Park took two months off to heal mind and body, played a tune-up event on the Korean LPGA two weeks ago, where she missed the cut, to identify which parts of her game needed work – which was pretty much everything.

She brought in a second swing coach to modify her action in order to accommodate her ailing left thumb and arrived in Brazil with a singular purpose.

Whether Olympic golf will ever rival, or even surpass, a major championship in terms of importance is the kind of esoteric debate that normally only leads to distractions, but for Park there is no doubt. She knew that back in South Korea a gold medal would mean so much more than any of her seven major championship victories.

“A lot of people were saying that maybe it is better to have another player in the field, a fellow South Korean player, which is very understandable,” Park said. “But I really wanted to do well this week to show a lot of people that I can still play.”

For those at home checking the transcript, that’s as close as Park ever got to an I-told-you-so moment. Instead, she let that machine-like game make her statements.

Whatever doubt may have clouded Park’s decision to play in Rio was quickly put to rest when she opened her week with back-to-back rounds of 66. Even Friday’s 70 in wind-whipped conditions held a measure of accountability considering how difficult the golf course played.

By the time she completed her round on Saturday there was no doubt she deserved her spot in the South Korean team house, nor – as is normally the case – any emotion.

The same couldn’t be said for the other members of the Olympic field.

After entering the day in solo third place, Gerina Piller appeared to be America’s best hope for a medal. But she began her round with back-to-back bogeys, made the turn in a three-way tie for the bronze and finished her week with a 2-over 38 on the inward loop to tie for 11th place.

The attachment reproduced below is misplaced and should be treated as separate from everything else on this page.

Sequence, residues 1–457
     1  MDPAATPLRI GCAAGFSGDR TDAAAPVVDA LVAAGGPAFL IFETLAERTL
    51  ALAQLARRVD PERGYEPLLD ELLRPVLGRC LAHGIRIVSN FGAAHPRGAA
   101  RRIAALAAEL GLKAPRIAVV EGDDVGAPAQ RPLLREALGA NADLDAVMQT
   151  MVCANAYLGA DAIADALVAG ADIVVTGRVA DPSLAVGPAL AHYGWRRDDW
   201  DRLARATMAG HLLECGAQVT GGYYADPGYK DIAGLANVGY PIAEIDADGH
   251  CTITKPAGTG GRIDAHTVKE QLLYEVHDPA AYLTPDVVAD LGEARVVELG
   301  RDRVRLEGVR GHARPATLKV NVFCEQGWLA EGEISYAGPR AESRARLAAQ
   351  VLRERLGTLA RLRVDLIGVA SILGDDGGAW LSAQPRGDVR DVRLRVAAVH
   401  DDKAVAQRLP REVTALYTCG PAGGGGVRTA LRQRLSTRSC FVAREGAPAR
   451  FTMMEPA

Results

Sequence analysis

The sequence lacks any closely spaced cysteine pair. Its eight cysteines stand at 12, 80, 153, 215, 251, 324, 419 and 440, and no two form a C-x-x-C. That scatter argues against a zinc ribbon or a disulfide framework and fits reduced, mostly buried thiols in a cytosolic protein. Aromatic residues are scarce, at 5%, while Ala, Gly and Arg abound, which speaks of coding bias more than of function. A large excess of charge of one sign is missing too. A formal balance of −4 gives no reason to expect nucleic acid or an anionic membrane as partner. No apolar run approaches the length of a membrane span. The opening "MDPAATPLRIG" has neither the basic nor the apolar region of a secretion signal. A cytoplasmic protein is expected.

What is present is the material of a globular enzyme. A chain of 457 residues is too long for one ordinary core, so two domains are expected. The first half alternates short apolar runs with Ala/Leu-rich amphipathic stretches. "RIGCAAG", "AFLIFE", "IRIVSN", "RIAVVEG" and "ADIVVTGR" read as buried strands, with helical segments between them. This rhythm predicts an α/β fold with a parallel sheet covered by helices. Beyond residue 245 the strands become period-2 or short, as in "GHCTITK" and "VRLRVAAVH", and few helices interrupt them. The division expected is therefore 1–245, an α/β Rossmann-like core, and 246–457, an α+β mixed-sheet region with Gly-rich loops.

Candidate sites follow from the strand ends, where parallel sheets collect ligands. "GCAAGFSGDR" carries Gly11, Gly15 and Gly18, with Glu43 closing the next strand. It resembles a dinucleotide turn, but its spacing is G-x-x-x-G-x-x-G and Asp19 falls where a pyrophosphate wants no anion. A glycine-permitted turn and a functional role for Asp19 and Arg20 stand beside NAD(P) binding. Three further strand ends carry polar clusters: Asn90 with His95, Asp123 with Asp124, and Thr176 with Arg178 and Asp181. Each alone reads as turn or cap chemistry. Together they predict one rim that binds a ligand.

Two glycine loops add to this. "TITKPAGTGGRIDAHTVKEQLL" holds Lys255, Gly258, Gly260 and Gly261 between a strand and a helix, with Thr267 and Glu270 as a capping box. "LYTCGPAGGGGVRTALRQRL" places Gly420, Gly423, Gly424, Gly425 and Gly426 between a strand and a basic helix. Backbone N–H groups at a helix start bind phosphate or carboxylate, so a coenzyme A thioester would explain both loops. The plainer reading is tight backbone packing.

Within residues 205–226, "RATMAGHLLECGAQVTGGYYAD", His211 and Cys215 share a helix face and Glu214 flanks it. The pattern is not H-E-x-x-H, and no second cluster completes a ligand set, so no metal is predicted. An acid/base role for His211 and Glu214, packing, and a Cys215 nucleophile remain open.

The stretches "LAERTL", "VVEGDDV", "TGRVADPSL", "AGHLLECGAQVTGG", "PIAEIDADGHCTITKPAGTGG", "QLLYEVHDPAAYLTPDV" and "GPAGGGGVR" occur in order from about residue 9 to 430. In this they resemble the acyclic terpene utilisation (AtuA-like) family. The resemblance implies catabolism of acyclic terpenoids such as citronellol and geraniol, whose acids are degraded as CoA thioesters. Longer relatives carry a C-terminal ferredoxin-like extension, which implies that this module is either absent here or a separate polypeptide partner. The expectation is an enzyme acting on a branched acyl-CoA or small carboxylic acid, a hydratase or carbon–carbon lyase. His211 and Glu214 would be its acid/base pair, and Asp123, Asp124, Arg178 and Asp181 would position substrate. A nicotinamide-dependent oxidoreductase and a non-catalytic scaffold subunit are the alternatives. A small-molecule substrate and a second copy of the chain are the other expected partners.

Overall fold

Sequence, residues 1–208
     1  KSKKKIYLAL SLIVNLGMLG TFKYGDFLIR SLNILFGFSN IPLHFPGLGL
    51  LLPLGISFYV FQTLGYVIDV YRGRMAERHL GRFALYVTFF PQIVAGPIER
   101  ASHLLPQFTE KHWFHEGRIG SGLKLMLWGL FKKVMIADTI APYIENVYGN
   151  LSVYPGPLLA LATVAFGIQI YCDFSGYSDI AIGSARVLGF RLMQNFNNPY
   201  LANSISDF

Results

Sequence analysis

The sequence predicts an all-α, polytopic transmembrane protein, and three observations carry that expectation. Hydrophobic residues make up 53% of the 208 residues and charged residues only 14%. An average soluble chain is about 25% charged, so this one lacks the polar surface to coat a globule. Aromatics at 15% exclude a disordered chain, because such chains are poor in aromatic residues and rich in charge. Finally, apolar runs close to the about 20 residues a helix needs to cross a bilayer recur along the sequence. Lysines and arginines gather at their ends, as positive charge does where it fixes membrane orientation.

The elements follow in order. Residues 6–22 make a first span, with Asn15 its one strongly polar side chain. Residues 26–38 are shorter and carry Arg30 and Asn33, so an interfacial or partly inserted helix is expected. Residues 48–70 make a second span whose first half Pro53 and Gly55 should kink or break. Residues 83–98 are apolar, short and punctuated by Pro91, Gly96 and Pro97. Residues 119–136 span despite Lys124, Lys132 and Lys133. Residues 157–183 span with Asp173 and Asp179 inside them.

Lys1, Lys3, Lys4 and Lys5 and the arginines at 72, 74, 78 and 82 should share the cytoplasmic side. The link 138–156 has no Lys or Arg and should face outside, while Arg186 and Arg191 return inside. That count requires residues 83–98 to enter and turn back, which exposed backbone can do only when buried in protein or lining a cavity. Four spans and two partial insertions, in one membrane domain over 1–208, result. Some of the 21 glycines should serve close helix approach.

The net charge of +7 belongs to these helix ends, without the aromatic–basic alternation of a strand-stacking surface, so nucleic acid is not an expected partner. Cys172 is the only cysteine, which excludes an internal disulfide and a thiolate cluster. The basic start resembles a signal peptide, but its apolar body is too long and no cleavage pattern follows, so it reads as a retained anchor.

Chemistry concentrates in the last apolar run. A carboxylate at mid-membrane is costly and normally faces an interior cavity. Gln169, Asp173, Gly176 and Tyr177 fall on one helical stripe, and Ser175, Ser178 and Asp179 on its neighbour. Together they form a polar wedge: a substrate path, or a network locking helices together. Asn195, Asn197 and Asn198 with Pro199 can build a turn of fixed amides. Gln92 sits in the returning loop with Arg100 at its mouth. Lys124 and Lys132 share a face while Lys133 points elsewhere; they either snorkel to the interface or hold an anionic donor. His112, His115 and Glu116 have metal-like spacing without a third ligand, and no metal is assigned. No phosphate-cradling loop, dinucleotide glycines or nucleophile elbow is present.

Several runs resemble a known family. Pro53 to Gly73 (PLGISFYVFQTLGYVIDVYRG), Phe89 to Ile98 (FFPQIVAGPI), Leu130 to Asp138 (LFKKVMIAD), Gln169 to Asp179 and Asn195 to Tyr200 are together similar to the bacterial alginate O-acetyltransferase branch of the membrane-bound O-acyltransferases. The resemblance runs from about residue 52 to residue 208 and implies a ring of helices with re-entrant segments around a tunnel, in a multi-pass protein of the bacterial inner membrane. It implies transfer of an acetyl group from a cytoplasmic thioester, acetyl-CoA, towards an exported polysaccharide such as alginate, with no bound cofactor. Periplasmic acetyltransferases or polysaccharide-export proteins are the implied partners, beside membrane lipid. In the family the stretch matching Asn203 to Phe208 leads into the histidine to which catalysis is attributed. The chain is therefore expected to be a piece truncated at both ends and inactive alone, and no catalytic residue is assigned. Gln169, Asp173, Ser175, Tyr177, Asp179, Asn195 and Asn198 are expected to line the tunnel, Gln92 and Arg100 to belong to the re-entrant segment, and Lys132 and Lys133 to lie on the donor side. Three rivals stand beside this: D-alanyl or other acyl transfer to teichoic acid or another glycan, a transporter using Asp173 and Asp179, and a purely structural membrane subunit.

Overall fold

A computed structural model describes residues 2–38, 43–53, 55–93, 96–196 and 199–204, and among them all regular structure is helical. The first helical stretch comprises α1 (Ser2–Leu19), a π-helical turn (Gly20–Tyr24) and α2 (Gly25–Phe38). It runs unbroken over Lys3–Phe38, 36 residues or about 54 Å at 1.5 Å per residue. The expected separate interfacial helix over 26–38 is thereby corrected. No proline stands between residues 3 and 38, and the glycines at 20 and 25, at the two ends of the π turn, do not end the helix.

After racing through the media “mix zone,” a visibly shaken Piller relented to be interviewed.

“I didn't even think I had a chance to be here, so to come and to be in contention is all I can really ask for,” Piller said. “I’m just going to learn from it and move on.”

Lewis was America’s final chance to earn a spot on the podium when she began the final hole tied with Ko and Japan’s Harukyo Nomura for third place, but her birdie putt came up short and she finished a stroke behind bronze medal winner Shanshan Feng of China and in a tie for fourth place.

Ko birdied two of her last three holes, including an 8 footer at the last, to claim the silver medal and become New Zealand’s youngest medalist ever.

But unlike last week when Rose was pushed to the 72nd hole by Henrik Stenson and the intensity of the competition was the headline, Park’s performance dominated the broader podium.

“She’s really good. She’s not pretty good, she’s really good,” Ko corrected a media type during the post-round interviews.

Injury or not, slump or otherwise, Park proved that point in Rio in a performance that could only be described as Ledecky-like.